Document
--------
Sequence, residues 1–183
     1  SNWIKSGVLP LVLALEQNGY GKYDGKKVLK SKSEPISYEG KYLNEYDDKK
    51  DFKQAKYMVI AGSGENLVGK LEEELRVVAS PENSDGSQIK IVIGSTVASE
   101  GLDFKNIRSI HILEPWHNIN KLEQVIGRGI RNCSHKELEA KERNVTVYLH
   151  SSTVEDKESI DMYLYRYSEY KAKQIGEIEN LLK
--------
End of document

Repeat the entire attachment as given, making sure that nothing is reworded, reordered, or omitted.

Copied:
Sequence, residues 1–183
     1  SNWIKSGVLP LVLALEQNGY GKYDGKKVLK SKSEPISYEG KYLNEYDDKK
    51  DFKQAKYMVI AGSGENLVGK LEEELRVVAS PENSDGSQIK IVIGSTVASE
   101  GLDFKNIRSI HILEPWHNIN KLEQVIGRGI RNCSHKELEA KERNVTVYLH
   151  SSTVEDKESI DMYLYRYSEY KAKQIGEIEN LLK